Semiconductor Strain Metrology: Principles and Applications

Indexed in: Scopus, EBSCO.

This book surveys the major and newly developed techniques for semiconductor strain metrology. Semiconductor strain metrology has emerged in recent years as a topic of great interest to researchers ...
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Terence K.S. Wong


In this final part, we survey three emerging cross-disciplinary strain metrology methods. These methods share a common feature that they are ‘in situ’ methods. The strain measurement is carried out within or with the assistance of a microscope or a synchrotron light source. The tip-enhanced Raman spectroscopy method (chapter 9) used the same principle as that described in chapter 5 for thin films. However, the spatial resolution of the Raman spectroscopy is enhanced by using the surface plasmon resonance of a metallic atomic force microscope tip. This near field interaction increases the Raman scattering from a small region beneath the metallic probe but it does not change the far field Raman signal which is still present. This technique is now of great interest to the microelectronics industry and may eventually find application for characterizing strained semiconductor devices. The next method atomic force microscopy digital image correlation (chapter 10) is used mainly by mechanical engineers for MEMS devices. It is an image correlation method for finding the strain distribution in a sample under deformation. The sample is strained and imaged by the atomic force microscope probe at the same time. The last method in this volume is X-ray micro/nanodiffraction. This technique requires a high intensity X-ray beam. As a result, this method requires access to high brilliance synchrotron sources. At present, it is difficult to see how this type of method can be of routine use to the semiconductor industry.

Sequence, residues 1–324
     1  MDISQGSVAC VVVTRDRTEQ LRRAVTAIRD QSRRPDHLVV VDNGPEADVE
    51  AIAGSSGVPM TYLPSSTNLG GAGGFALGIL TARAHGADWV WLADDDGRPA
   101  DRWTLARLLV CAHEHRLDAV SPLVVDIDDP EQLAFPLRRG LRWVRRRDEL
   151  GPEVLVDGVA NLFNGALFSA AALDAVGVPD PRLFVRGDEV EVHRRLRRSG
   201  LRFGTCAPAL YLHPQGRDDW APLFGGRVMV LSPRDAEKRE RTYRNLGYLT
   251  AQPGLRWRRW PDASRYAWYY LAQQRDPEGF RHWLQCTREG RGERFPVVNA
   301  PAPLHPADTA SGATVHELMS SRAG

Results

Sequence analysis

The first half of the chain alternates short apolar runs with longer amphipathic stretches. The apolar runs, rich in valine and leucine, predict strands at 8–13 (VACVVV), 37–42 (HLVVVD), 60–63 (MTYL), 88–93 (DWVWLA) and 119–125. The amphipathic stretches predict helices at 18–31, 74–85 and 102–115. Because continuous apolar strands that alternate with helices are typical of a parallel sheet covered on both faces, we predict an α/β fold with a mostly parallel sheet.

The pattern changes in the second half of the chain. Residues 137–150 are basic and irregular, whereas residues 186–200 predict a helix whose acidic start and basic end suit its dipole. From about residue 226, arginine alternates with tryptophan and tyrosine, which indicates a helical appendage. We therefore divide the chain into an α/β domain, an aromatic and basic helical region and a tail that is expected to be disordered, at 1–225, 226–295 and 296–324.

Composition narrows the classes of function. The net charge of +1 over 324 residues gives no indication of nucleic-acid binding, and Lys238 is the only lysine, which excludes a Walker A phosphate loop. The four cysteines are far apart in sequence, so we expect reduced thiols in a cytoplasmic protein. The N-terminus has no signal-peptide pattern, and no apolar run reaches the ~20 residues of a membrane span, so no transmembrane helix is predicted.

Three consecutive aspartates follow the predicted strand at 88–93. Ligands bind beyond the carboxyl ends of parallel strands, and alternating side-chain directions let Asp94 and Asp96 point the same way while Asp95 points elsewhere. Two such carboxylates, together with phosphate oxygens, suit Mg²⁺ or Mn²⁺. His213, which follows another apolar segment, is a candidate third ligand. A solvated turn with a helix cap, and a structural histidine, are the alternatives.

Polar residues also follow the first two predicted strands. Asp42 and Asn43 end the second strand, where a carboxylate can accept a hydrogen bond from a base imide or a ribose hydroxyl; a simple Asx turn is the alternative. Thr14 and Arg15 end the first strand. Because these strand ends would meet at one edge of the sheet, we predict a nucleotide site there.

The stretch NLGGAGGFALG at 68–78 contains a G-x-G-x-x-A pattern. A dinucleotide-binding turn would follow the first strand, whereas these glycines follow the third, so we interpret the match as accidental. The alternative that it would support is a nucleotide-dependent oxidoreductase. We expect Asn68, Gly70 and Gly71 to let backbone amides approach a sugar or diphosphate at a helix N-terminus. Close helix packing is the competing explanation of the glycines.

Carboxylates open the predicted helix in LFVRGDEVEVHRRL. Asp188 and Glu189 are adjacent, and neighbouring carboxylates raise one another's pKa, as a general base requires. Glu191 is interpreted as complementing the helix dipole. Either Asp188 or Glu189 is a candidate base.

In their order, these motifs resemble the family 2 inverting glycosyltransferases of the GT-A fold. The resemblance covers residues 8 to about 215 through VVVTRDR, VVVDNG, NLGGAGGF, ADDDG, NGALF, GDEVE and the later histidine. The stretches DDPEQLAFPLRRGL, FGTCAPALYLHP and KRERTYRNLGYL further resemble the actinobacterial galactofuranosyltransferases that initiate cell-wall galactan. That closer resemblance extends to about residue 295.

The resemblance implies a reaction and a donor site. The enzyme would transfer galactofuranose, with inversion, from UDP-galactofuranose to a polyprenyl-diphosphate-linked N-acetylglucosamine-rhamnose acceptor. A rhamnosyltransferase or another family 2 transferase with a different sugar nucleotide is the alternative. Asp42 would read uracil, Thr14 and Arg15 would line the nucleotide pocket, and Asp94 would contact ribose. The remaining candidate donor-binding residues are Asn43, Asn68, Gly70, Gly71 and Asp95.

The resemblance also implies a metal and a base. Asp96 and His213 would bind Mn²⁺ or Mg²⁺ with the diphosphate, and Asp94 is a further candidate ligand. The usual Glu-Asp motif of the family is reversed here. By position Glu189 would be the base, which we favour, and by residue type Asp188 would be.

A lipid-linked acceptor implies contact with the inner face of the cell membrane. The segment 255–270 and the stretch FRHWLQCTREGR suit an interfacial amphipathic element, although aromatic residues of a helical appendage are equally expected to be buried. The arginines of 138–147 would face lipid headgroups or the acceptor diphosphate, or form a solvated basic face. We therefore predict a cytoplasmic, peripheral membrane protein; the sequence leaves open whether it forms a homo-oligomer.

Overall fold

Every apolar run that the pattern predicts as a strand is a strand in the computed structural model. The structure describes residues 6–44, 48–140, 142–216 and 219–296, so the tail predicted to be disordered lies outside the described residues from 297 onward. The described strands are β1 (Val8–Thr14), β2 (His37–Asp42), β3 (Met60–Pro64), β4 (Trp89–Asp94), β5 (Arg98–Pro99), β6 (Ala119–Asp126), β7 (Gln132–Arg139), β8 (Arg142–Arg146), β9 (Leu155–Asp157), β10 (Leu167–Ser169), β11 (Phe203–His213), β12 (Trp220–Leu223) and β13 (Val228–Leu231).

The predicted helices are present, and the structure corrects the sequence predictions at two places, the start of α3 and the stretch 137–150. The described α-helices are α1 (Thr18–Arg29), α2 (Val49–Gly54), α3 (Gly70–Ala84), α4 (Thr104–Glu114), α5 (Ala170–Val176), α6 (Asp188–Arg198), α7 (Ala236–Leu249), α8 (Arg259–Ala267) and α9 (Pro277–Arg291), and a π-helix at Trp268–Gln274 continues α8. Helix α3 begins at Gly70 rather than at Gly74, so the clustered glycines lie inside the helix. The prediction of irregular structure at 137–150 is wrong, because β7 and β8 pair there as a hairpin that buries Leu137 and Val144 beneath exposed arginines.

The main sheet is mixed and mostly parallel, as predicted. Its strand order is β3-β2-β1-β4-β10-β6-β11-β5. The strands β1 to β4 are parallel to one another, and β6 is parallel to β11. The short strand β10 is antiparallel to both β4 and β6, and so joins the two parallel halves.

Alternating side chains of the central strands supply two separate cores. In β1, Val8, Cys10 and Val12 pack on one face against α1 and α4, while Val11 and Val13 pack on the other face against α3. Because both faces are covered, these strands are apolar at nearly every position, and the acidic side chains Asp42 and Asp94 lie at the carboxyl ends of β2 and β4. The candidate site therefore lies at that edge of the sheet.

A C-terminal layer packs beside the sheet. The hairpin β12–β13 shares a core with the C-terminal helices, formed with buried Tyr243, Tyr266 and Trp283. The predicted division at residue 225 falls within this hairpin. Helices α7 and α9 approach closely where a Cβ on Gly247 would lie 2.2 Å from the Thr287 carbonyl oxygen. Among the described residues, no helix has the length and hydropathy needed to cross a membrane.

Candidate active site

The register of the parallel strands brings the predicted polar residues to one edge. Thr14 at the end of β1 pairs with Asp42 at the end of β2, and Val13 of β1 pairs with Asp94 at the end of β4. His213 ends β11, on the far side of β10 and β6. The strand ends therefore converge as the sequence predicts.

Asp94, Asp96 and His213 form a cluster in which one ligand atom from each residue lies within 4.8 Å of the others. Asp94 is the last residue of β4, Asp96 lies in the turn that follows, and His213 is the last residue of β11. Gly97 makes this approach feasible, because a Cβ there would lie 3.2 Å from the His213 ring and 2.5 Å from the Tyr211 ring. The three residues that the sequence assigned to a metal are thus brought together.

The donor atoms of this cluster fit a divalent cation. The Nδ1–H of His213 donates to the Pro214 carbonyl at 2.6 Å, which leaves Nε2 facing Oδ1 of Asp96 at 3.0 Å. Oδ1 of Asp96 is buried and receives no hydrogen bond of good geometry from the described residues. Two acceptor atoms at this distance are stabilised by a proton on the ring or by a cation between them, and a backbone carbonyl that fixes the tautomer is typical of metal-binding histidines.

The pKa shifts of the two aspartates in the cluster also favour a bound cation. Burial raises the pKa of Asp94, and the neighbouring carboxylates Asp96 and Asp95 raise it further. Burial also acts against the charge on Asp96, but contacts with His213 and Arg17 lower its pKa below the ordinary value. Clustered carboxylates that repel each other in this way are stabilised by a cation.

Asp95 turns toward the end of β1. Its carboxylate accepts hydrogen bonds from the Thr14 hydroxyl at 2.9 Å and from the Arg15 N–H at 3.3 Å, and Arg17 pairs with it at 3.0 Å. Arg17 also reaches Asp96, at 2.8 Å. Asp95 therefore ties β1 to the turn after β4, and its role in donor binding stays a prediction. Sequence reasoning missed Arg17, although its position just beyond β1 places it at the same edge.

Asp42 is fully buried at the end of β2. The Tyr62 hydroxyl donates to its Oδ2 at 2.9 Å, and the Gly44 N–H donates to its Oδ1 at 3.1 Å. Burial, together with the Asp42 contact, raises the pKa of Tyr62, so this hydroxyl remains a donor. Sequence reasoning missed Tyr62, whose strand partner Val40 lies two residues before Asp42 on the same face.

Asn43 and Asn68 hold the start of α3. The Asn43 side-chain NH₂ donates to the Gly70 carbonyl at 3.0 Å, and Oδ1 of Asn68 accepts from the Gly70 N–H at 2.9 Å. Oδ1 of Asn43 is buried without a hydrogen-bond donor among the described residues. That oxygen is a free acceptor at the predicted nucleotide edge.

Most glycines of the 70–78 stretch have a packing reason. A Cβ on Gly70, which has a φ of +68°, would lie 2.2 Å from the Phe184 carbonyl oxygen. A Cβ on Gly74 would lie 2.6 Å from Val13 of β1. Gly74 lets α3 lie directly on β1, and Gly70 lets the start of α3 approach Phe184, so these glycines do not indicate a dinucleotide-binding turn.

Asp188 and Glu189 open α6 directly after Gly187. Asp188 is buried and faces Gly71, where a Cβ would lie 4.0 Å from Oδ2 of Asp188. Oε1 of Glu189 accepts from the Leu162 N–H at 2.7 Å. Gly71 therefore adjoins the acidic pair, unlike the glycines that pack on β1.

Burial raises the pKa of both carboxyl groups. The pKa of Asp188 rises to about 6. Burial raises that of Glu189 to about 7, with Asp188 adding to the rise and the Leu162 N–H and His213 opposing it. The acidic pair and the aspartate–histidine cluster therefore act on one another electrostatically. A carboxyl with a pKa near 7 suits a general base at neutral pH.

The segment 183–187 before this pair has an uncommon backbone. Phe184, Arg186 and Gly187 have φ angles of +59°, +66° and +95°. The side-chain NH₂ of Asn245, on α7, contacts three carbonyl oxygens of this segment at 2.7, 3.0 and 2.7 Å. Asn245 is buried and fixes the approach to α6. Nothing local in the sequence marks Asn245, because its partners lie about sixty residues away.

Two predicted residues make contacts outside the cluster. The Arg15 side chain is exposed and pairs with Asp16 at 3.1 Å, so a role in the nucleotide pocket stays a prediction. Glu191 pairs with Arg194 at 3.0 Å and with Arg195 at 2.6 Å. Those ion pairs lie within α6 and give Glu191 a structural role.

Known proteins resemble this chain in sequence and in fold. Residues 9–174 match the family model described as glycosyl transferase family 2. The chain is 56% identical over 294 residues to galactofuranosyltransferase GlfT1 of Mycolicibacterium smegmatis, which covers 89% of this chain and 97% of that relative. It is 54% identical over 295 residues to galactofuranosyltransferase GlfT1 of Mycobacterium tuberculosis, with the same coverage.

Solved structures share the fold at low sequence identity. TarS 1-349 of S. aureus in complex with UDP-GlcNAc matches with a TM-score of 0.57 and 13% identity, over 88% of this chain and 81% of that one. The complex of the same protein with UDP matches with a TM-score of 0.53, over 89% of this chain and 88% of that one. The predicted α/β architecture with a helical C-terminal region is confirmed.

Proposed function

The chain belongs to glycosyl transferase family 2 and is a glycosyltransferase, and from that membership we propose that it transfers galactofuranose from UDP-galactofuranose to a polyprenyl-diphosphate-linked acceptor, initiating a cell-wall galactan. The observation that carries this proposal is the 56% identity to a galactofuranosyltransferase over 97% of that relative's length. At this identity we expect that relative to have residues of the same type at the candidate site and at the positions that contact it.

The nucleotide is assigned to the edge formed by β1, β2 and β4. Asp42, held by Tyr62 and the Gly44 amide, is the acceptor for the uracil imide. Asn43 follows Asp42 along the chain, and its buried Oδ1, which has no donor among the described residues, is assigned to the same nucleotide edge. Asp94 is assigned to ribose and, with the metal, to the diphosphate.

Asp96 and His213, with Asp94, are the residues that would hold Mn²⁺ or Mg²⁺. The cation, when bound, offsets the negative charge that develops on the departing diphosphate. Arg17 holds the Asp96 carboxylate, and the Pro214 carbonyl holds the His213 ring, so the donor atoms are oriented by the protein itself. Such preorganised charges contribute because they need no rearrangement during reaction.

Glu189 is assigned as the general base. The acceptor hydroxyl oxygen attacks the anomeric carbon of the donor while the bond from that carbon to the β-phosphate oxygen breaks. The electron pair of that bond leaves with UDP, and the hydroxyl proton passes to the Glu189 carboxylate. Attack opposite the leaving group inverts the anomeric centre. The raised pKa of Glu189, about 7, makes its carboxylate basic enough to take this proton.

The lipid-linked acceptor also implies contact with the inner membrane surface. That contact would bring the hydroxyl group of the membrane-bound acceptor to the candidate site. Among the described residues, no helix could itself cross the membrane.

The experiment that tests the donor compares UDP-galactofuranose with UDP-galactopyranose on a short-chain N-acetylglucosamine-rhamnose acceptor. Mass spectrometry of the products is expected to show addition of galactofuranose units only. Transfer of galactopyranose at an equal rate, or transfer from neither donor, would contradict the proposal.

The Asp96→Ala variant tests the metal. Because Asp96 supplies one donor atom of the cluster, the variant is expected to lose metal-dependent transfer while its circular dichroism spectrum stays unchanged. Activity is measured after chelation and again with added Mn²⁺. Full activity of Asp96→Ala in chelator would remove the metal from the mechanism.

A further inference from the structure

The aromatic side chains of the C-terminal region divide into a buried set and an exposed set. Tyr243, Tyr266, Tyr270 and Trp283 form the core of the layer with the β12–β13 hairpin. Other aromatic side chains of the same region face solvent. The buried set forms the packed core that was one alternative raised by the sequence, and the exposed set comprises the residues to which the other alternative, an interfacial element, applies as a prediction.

Division of Microelectronics School of Electrical and Electronic Engineering Nanyang Technological University